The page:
11 Common Mushrooms Found in Arizona! (2024)

What kind of mushroom did I find in Arizona?

Types of mushrooms in Arizona

If you spend time outside, you’ve probably asked this question at least once. Mushrooms are incredibly common in Arizona, and they come in all shapes, sizes, and colors.

Believe it or not, there are THOUSANDS of different types of mushrooms that live in Arizona. Since it would be nearly impossible to write about them all, I focused on the most common types that are seen.

IMPORTANT: You should NEVER eat a mushroom you find. There are many poisonous types, and some species will kill you. So stay safe, and don’t eat any wild mushrooms unless you are with a mycologist (mushroom expert)!

11 COMMON MUSHROOMS in Arizona:


#1. Turkey-tail Mushroom

  • Trametes versicolor

Types of mushrooms in Arizona

Identifying Characteristics:

  • Caps are up to 8 cm (3 in) long and 5 cm (2 in) wide.
  • Rings of different colors decorate the tops, ranging from black to shades of brown and white.
  • They often grow in a stacked pattern, which makes them look like roof tiles.

This species is one of the most common mushrooms in Arizona!

Turkey-tail typically grows on logs of deciduous trees. It’s found in mature forests where dead trees on the forest floor make a perfect environment for this fungus.

This multicolored fungus is easy to spot thanks to the concentric rings of different colors on its caps. The growing pattern of Turkey-tail is also recognizable by the way it grows in a stacked pattern that looks like roofing tiles.

Like many mushrooms, Turkey-tail is used in Eastern medicine and as an herbal supplement. However, wild specimens should NOT be consumed or handled, and supplements containing this mushroom are not FDA-approved.


#2. Common Greenshield Lichen

  • Flavoparmelia caperata

Types of mushrooms in Arizona

Identifying Characteristics:

  • This lichen grows in roughly circular patterns with wavy edges.
  • The coloring is pale green to yellowish.

Common Greenshield Lichen is technically not a mushroom, but instead, it is a lichen. Lichens are complex organisms made up of both fungi and algae. The combination of these two types of organisms allows lichens to live in diverse climates, ranging from cool, dry areas to warmer regions with humid weather.

As a result, you can find Common Greenshield Lichen across Arizona. It most often grows on tree bark, although you might occasionally find it on rocks. Look for a rounded, pale-green growth with wavy edges.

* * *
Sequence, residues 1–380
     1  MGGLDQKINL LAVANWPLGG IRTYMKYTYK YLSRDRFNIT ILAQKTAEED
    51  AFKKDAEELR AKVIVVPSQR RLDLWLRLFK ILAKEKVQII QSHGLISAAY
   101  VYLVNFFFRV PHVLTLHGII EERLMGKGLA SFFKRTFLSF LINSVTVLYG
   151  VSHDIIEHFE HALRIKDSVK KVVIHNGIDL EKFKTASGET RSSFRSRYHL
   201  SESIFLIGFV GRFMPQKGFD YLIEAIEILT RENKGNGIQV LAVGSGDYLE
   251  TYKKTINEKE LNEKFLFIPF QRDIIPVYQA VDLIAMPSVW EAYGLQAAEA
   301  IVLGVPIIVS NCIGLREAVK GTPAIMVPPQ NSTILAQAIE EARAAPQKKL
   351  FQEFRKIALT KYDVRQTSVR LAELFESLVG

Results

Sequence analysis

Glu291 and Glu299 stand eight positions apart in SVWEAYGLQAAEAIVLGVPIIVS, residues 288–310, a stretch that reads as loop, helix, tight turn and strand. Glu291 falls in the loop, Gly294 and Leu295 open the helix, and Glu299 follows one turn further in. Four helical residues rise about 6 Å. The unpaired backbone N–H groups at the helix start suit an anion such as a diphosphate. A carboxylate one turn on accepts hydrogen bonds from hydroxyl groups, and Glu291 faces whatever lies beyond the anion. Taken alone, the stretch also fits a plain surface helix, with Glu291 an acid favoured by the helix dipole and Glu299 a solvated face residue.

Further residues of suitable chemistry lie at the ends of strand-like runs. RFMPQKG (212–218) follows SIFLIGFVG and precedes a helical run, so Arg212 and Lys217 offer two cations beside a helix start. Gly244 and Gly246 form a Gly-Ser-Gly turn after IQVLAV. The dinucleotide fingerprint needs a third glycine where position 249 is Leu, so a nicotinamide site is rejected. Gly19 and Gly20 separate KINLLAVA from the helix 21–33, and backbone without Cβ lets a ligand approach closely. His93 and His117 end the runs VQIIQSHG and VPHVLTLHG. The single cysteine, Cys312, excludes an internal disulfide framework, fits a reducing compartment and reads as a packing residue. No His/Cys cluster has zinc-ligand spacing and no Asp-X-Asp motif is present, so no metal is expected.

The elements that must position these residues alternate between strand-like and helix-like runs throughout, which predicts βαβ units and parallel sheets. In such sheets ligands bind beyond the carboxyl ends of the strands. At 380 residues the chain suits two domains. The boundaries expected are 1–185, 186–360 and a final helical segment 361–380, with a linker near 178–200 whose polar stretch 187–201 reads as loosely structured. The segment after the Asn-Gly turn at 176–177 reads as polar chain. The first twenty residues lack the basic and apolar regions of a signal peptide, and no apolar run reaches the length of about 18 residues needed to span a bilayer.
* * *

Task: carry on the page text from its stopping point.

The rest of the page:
#3. Fly Agaric

  • Amanita muscaria

Types of mushrooms in Arizona

Identifying Characteristics:

  • Caps are 8–20 cm (3–8 in) in diameter.
  • The stalks are 5–20 cm (2–8 in) tall.
  • These mushrooms have the typical looks of a “toadstool” with a bright white stalk and red, white-spotted cap.

I think this is the CUTEST mushroom in Arizona! 🙂

Fly Agaric looks just like the mushrooms found in Mario video games.

These mushrooms are considered toadstools, which are usually poisonous to humans. Fly Agaric is no exception. This fungus can cause hallucinations, low blood pressure, nausea, loss of balance, and in rare cases, death. If you ingest it, you should seek medical treatment immediately.

Luckily, Fly Agaric is a very conspicuous fungus in its fully-grown form. However, young mushrooms can be mistaken for other edible types, so you should steer clear of eating any wild mushrooms.


#4. Splitgill Mushroom

  • Schizophyllum commune

Identifying Characteristics:

  • The caps are 1–4 cm (0.3–1.6 in) wide.
  • They are pale white or gray and grow in stacked clusters that resemble shelves.
  • As its name suggests, the gills of this mushroom are spaced apart like individual threads.

Splitgill Mushrooms in Arizona thrive on decaying trees during rainy periods.

These tough, leathery mushrooms were once thought to be nonpoisonous. However, recent research shows they’re often linked to fungal infections of the lungs. Symptoms can include breathing problems, prolonged cough, and other respiratory ailments.

Interestingly, this is one of the few mushrooms that grow abundantly in tropical weather. It thrives in heat and humidity thanks to its rubbery, tough structure. Fleshy, sponge-like mushrooms quickly rot, whereas this species lasts much longer.

Even though Splitgill Mushrooms are not poisonous, it’s best not to consume any you find in the wild. The unprocessed fungus can cause lung infections, and this mushroom can be confused with more dangerous species.


#5. Green-spored Parasol

  • Chlorophyllum molybdites

Identifying Characteristics:

  • The caps are 8-30 cm (3-12 in) in diameter.
  • This mushroom is white or off-white with irregular brown spots and warts.
  • The gills are visible around the edges of the top and very prominent on the underside.

This is the most frequently eaten poisonous mushroom in Arizona!

Green-spored Parasols bear an unfortunate resemblance to several edible fungi, which means it’s often eaten by mistake. In addition, this fungus causes severe stomach symptoms such as vomiting, diarrhea, and colic.

Unfortunately, this mushroom is common on lawns and in pastures, which puts children and pets are at greater risk for poisoning. Please keep them away from these mushrooms!

Green-spored Parasols grow directly from the ground instead of from tree logs or other decaying wood. We recently had a cluster pop up after we had new mulch put down. The spores are often present in soil or mulch and can remain dormant until the next fruiting season.


#6. Shaggy Mane

  • Coprinus comatus

Identifying Characteristics:

  • The caps are 4–8 cm (1.63.1 in) wide and 6–20 cm (2.3–8 in) tall.
  • Their coloring is white when they first emerge, slowly turning black as their scales lift.
  • These mushrooms grow directly from the ground as single caps or clusters.

It’s easy to see how Shaggy Mane Mushrooms in Arizona got their name!